After resting a while and taking in the view we headed back down to the skyline notch, passing the shooters at their lunch.  We exchanged pleasantries with the head stalker and his staff but were roundly ignored by the clients.

We intended to keep to the high ground and took a short detour onto Craig Vallich, which is a fine viewpoint above Ballater.

The final high point of the day was the 601m/1972ft Pannanich Hill, which was possibly the best viewpoint on the walk.  A wide view through the northerly arc with the glacial lochans of Loch Davan and Loch Kinord as foreground with our "home hill" of Bennachie as backdrop made a super panorama while we sat and enjoyed a coffee.

It had been a great day, with lovely weather - t-shirts on high ground in October is definitely not the norm!  The walk had a final treat for us too.....

Another hare sculpture, also looking towards Lochnagar - maybe there's a pattern here, it's an intruiging puzzle!

The descent from Pannanich Hill back down to the valley of the River Dee is very steep and hard on the knees - we felt that our ascent route had been much the better way.  Soon though the roofs of the town and the fine church tower were in view and we strolled back along more level ground through a lovely wood.

What a great day it had been, another "wee hill" which had given a route of real quality and interest - a good choice by Lorna!


Wednesday 8 September 2021

A seasonal pleasure

September at Mountain and Sea Scotland HQ brings one of most satisfying of seasonal tasks, the storing of firewood logs to fuel our woodburner.  A big load of beech and elm from our regular supplier Ben at Treelogic arrived on a Friday, giving us the weekend to do the job.  

The first task was to sort out what would be stacked immediately and what could be split to give a variety of log sizes.  There followed an evening's work steadily moving the logs to the woodstore by wheelbarrow and starting the stacking process.  There was no hurry to do it as this load of wood isn't for use in the coming winter, it's destined to be burned in autumn and winter 2022/23.

I left the majority of the beech logs aside to be split.  As it was mainly large branch wood it would split nicely and provide smaller logs as well as making the individual logs easier to stack.  This is a job which has never seemed to be a chore to me but rather an enjoyable, even paced rhythm which is totally absorbing and almost therapeutic.

The job is made especially enjoyable because my splitting axe is a a wonderful tool.  A hand-forged large splitting axe from the small Swedish company Gransfors Bruk, it was a gift from our children a few years ago.  I have never used a tool so perfectly designed for purpose and which feels so absolutely "right" in the hands - it makes me smile every time I come to use it.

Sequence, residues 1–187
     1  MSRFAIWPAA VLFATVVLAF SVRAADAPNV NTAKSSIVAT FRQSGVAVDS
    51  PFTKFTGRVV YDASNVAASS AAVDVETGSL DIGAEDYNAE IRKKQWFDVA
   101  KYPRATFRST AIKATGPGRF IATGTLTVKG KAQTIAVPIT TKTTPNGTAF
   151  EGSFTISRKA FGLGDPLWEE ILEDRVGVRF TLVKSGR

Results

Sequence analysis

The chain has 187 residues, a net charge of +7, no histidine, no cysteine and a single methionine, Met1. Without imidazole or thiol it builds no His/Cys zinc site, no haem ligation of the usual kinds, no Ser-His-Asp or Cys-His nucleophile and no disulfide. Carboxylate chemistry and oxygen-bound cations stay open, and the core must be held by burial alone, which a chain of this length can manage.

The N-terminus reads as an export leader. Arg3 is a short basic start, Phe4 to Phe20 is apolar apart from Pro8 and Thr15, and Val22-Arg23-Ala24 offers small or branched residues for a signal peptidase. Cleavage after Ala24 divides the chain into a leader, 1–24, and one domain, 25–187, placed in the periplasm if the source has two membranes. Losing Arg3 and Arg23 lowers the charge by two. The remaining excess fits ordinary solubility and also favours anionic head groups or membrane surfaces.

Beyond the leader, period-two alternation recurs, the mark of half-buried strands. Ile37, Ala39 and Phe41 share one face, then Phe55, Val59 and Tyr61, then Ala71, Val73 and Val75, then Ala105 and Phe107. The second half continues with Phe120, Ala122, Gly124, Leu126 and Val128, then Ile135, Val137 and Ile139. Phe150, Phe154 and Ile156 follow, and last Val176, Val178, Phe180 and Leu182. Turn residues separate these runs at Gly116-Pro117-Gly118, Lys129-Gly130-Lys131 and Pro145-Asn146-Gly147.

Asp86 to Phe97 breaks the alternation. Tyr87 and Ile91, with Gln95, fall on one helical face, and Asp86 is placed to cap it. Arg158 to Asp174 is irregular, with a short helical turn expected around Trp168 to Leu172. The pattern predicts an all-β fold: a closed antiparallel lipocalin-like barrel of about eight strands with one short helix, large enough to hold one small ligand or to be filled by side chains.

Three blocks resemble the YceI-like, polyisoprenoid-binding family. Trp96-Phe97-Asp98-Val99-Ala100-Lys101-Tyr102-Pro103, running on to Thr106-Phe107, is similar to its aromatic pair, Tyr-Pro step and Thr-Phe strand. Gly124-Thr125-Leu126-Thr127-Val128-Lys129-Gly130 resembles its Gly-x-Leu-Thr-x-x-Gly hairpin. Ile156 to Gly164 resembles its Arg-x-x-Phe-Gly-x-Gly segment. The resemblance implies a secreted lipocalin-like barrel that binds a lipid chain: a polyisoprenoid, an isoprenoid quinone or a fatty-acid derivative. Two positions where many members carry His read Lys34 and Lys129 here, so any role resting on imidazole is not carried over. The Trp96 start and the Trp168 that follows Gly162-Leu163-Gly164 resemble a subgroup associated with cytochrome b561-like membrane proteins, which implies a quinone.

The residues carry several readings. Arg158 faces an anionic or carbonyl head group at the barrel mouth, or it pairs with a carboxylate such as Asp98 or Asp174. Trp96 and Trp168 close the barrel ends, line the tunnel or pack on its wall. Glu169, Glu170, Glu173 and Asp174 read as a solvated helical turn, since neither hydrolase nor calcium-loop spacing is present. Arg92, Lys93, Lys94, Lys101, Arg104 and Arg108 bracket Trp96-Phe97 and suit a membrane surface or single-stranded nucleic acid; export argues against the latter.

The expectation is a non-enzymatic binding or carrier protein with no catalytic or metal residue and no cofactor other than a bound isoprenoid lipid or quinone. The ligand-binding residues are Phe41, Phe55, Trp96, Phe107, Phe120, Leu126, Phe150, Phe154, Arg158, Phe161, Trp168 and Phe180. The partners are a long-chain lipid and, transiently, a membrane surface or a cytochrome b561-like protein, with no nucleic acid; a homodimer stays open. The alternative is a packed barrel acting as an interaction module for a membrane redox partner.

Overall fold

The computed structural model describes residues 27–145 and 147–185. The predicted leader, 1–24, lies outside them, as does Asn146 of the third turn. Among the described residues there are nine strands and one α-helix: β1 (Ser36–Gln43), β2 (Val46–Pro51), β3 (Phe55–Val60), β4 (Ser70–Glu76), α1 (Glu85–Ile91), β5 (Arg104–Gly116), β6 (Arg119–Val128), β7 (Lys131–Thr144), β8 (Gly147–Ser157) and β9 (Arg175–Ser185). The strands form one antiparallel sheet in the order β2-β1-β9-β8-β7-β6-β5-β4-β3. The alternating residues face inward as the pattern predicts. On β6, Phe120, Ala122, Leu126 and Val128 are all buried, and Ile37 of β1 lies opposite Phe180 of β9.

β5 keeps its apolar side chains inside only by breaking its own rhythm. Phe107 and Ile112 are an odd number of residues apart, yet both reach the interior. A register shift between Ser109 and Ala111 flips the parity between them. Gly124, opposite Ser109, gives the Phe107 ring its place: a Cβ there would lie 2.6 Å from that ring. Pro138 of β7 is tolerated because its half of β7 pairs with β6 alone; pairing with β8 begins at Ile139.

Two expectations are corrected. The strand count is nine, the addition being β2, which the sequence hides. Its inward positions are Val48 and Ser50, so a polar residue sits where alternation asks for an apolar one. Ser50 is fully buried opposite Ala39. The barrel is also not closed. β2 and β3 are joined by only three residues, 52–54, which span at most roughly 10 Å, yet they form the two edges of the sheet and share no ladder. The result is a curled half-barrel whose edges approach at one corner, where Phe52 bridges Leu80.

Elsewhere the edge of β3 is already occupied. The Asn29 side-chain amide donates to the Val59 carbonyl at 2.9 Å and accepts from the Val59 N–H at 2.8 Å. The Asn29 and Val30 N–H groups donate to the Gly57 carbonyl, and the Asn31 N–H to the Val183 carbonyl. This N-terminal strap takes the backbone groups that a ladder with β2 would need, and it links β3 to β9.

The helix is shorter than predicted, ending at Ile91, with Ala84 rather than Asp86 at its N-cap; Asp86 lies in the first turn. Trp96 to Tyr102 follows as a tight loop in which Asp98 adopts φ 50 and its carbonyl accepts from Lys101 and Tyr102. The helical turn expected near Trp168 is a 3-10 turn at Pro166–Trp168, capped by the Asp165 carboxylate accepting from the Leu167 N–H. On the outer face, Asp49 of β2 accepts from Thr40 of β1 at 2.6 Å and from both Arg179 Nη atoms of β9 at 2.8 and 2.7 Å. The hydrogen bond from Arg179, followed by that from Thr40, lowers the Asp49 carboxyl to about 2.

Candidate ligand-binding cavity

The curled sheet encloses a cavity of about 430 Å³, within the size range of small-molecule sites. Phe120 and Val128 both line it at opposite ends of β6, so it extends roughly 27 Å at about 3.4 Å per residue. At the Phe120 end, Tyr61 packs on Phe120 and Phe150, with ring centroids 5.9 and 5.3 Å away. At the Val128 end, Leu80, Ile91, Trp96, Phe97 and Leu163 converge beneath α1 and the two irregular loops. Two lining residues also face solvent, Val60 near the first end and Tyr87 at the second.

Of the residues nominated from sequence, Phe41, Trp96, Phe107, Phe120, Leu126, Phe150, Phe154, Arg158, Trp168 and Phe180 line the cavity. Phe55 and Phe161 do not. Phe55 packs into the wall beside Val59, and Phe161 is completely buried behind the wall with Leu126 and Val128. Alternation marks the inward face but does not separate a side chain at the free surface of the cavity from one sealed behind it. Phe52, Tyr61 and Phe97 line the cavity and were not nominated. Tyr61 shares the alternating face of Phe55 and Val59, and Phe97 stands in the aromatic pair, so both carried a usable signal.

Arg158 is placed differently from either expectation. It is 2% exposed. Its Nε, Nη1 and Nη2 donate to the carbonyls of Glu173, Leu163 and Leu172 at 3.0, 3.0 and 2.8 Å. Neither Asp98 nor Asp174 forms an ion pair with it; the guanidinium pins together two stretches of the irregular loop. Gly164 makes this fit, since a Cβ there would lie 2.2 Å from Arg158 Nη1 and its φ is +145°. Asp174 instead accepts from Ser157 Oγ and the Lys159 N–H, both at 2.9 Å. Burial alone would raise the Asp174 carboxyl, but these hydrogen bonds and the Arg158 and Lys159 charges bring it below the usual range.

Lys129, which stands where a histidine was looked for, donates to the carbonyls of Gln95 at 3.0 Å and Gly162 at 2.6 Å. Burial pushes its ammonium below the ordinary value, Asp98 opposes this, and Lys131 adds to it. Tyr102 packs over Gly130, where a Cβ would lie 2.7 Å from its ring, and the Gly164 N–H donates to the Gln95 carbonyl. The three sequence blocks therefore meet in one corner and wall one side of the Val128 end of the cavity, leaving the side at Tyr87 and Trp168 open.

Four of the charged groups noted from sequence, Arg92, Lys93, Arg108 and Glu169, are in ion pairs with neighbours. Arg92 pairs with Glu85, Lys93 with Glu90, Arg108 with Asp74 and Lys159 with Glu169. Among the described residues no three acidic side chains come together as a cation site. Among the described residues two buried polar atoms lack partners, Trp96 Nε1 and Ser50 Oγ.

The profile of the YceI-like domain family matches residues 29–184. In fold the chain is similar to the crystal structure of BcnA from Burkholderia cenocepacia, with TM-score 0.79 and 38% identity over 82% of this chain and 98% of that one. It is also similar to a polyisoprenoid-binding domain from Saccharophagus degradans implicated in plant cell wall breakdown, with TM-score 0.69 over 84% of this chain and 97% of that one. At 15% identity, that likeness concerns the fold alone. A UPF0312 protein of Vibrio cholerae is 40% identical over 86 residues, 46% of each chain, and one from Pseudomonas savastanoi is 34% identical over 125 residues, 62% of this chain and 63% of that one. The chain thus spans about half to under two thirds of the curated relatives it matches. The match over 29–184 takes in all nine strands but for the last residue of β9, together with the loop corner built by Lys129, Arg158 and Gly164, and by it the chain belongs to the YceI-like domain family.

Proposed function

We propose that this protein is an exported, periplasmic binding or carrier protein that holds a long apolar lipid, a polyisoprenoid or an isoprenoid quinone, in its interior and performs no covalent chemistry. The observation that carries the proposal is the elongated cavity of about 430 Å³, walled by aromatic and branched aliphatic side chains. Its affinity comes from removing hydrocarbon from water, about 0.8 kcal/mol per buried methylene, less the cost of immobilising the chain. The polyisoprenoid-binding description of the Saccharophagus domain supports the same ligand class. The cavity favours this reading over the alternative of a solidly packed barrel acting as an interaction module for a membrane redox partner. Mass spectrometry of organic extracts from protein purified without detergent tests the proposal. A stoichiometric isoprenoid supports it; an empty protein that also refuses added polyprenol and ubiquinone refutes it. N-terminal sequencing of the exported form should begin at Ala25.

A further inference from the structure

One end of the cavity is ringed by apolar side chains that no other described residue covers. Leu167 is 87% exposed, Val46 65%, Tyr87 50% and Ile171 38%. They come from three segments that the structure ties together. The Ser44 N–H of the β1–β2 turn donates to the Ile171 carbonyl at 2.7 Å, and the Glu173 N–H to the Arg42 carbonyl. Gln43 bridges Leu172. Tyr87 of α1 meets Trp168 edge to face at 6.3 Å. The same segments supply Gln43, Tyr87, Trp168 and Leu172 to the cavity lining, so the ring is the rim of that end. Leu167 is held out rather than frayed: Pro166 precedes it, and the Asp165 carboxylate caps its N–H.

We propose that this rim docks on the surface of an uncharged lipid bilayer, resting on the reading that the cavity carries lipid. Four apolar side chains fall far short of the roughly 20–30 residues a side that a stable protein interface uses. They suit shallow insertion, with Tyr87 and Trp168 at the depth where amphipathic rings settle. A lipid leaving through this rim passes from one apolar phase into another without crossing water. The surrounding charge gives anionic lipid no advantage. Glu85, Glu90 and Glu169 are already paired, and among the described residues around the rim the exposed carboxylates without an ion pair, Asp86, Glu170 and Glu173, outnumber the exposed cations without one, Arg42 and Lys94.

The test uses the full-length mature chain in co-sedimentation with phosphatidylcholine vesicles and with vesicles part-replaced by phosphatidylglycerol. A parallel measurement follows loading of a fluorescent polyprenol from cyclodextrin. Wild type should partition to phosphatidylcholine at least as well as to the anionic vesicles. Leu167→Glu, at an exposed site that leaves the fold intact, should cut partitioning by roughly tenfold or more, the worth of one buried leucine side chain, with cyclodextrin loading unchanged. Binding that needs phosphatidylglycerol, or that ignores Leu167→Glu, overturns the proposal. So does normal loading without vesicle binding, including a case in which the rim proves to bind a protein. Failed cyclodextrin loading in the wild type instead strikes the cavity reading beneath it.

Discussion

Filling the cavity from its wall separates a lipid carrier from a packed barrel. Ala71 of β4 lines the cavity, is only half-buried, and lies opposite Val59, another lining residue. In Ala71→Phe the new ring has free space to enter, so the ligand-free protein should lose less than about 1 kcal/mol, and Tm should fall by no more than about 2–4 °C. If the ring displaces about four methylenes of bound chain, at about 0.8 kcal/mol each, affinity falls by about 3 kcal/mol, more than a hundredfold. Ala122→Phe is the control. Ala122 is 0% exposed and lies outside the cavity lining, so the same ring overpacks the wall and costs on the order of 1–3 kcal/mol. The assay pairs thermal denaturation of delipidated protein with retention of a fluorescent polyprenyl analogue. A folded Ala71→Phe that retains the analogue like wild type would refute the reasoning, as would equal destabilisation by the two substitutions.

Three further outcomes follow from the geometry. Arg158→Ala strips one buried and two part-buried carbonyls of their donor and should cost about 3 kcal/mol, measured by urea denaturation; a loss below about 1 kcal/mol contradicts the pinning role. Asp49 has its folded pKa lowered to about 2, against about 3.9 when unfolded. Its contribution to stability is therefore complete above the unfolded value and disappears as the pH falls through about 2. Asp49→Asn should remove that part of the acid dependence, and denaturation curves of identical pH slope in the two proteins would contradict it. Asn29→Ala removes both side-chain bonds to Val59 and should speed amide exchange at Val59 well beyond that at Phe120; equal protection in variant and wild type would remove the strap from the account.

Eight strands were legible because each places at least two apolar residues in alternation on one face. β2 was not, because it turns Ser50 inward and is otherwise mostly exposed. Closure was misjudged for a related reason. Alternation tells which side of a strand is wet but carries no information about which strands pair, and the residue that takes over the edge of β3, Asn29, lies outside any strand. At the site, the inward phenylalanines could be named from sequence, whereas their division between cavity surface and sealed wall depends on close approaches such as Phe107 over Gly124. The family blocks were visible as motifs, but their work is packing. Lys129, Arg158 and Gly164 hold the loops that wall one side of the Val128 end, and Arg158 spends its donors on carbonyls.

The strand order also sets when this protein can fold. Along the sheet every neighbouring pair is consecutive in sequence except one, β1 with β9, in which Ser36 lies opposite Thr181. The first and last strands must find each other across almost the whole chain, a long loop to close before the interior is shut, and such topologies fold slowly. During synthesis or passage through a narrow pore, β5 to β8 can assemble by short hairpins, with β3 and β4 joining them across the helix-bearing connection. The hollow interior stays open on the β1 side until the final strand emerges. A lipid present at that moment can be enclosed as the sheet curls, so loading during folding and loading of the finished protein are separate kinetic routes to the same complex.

The job is finished by stacking the logs in one of our several woodstores.  This is also an absorbing job; there will be a "right" space for each log, no matter how awkwardly shaped.  In Scotland we don't usually see straight birch log firewood cut perfectly to length and diameter to form the wonderfully aesthetic stacks seen in Scandinavia, but its still possible to get a stable stack which doesn't look too much like simply a pile!

 And so, the job is done - for now.  The new load of wood is dry and perfectly burnable, but like malt whisky, firewood benefits from some additional time to mature.  Given extra months of seasoning it's possible to get wood seasoned from a dry 20% to as low as 15% moisture content even in Scotland's climate and this makes a surprising difference to the way it burns.  

In the meantime, of course, there's the satisfaction of walking past the woodstore on most days - it's tempting to build and fill "just one more" store - after all, you never know what the weather might be like next winter!

Sunday 18 July 2021

A recovery roll on the Sound of Sleat

The final morning of our trip to Loch Hourn was the first day of May, though you wouldn't have known it from the rather chilly early morning temperature.  While the paddlers carried our boats the short distance to the water at our camp site......

.....Donny boarded "Guppy" on the other side of the reef and motored off back towards Glenelg in order to arrive at high water and enable a much easier transport of his boat up the shore.  It had been great to have Donny along on another trip - you can see the film he made on his Youtube channel here, and follow the trip in "trivision" with some stunning images on Douglas' blog here

We'd remarked the previous evening that it was strange not to have seen any Otters, particularly since this area is the setting for Gavin Maxwell's "Ring of Bright Water".  Well, we didn't need to wait long to put that right!  A nice close view of what looked to be a dog Otter moving along the shore, then heading up the rocks was a great start to the morning's paddle.